I started dancing because it makes people happy, and I thrive on that feeling of connection to people's emotions.

Christine Shevchenko portrait
Christine Shevchenko was born in Odessa, Ukraine and moved to America with her single mother when she was just 7 years old, following the collapse of the Soviet Union. She has become a highly renowned ballerina, having performed in over 20 countries, and is currently a principal dancer at the American Ballet Theatre. Along with her performing career, Shevchenko also devotes her time to teaching and serves as an ambassador for the International Rescue Committee (IRC). As she says, ‘Dance has the power to connect people beyond borders and cultures.’

How did your journey with ballet begin?

I was born into a family deeply rooted in the arts and sports. My mother's side boasted singers, actors, and musicians, while my father's side excelled in gymnastics and athletics. I consider myself a blend of both worlds. I was the first in my family to pursue ballet, starting at age four, when my parents enrolled me in a rhythmic gymnastics school, which required one hour of daily ballet training. While the rigorous Olympic-style training was challenging, it instilled in me the discipline and strength needed to pursue my dreams. My true passion for ballet was ignited when my mom took me to see ‘Sleeping Beauty’ at the Odessa Opera House, I was captivated. That experience marked the beginning of my love affair with ballet and sparked my lifelong interest in the art form.

Given that sports and the arts often serve as a refuge for passionate children, did relocating to America and having to pause your practice for a while feel somewhat traumatic for you?

It was, and it wasn’t. I was quite young and wasn't particularly passionate about gymnastics. In fact, if we had stayed in Ukraine, my mom would have considered putting me into figure skating next. At around seven years old, America was entirely new to me. I didn't speak the language and had no friends there. Starting over was daunting. When my mom looked for a gymnastics school, I pushed for ballet instead. She enrolled me in the Rock School of Pennsylvania Ballet when I was eight, and it became a safe haven. Ballet provided familiarity and comfort in a new environment.

How was the training style in the United States different from what you had been used to in Ukraine?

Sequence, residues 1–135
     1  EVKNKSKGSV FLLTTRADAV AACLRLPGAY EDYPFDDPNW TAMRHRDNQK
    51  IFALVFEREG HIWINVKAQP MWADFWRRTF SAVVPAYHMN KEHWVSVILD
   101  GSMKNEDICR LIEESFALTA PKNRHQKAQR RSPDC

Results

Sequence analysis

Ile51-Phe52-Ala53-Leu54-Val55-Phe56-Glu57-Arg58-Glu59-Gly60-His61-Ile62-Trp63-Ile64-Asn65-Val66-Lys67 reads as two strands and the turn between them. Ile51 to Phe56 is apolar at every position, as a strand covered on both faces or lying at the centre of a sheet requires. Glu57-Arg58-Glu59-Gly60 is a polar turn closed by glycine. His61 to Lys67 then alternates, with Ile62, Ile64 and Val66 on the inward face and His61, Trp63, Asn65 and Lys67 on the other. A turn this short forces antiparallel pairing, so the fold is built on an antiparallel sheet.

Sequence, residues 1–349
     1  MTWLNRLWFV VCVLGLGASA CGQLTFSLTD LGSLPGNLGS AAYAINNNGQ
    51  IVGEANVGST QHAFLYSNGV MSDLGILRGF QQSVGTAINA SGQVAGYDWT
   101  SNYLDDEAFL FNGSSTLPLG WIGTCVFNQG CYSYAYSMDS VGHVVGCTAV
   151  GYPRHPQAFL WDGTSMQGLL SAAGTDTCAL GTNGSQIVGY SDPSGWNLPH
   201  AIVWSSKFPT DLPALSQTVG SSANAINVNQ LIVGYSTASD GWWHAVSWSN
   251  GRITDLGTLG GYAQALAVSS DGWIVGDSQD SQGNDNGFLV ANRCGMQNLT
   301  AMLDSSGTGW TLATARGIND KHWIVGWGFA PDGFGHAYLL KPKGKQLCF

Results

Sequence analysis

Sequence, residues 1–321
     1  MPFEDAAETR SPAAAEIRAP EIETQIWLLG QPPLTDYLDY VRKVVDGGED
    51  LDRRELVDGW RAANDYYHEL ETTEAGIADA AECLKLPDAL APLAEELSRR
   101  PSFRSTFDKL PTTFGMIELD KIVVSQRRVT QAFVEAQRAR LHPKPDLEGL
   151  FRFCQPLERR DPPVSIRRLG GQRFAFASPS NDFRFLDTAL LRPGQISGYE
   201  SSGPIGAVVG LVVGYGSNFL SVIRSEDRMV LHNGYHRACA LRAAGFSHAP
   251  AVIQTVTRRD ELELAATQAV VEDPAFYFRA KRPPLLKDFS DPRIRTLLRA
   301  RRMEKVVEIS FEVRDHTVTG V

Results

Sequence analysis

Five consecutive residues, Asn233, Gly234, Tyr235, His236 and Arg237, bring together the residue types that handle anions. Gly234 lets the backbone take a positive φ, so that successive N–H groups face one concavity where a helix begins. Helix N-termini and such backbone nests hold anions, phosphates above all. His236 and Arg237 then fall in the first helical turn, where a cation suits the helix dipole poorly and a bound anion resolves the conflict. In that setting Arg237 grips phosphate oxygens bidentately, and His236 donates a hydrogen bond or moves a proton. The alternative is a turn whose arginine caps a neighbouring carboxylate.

Training in America was definitely more relaxed compared to Ukraine or Europe, which my mom immediately noticed and didn't like. Our family believed in intense discipline—if you want to achieve something, you had to give 100% or even 150% of your work ethic. Recognising this difference, she began seeking private coaches when I was around 11 or 12.

Could you share some of your go-to practices for recovery in terms of diet and lifestyle?

I prioritise body recovery after a few minor injuries and one major ankle sprain during my time at ABT studio company. It took about three to four months to recover from that, which was tough. Since then, I've been diligent about preventing any other injury like that from occurring again.

I get massages weekly from a fantastic Korean masseuse who combines techniques like chiropractic work and sometimes acupuncture. Sauna sessions a couple of times a week help with detoxification, and cryotherapy twice a week instantly relieves inflammation and soreness. I also take an Epsom salt bath daily for muscle relaxation and compression pants for lactic acid and circulation after exhausting days.

Rest is crucial, and I prioritise getting 7 to 8 hours of sleep per night, though winding down after late performances can be challenging. Despite that, I do my best to maintain a healthy routine.

Christine backstage getting ready

What’s your diet like? How do you pace the timing of your meals and training?

I include supplements in my diet and prioritise consuming good, organic, healthy foods. While I enjoy a variety of foods, I aim to maintain a healthy eating pattern by choosing high-quality options. Recently, I've started incorporating LEMAlab FLEXIBLE collagen powder into my routine, which I'm quite excited about. I've been thoroughly enjoying it, especially when mixed with my coffee—it's a delightful addition to my day.

Navigating meal timing during training poses a personal challenge for me. With packed rehearsal schedules, I often struggle to meet my calorie intake goals throughout the day. Even during breaks, I'm mindful not to overeat as it gets difficult to move afterwards.

To combat this, I've found that snacking on filling foods helps me stay energised. In the morning, I enjoy yoghurt with fruits, bananas, or smoothies, and sometimes eggs. Throughout the day, I rely on snacks like nuts and hard-boiled eggs. Smoothies are a favourite, as they're versatile and satisfying. For dinner after rehearsals, I aim for balanced meals with vegetables, protein, and grains.

Do you have any complementary movement practice apart from ballet?

I've found gyrotonics to be really beneficial. It's similar to Pilates but involves circular movements that elongate the muscles. Occasionally, I'll do Pilates or yoga too. I don’t really do things like CrossFit training; it tends to make me feel tight and restricts my movement. While I'm quite flexible, I don't feel as effective in dance after this type of exercise. Sometimes I'll use the elliptical, but gyrotonics, Pilates, and yoga are my go-tos.

Christine back stage

Going back to your injury, how did you deal with the mental component of getting through it?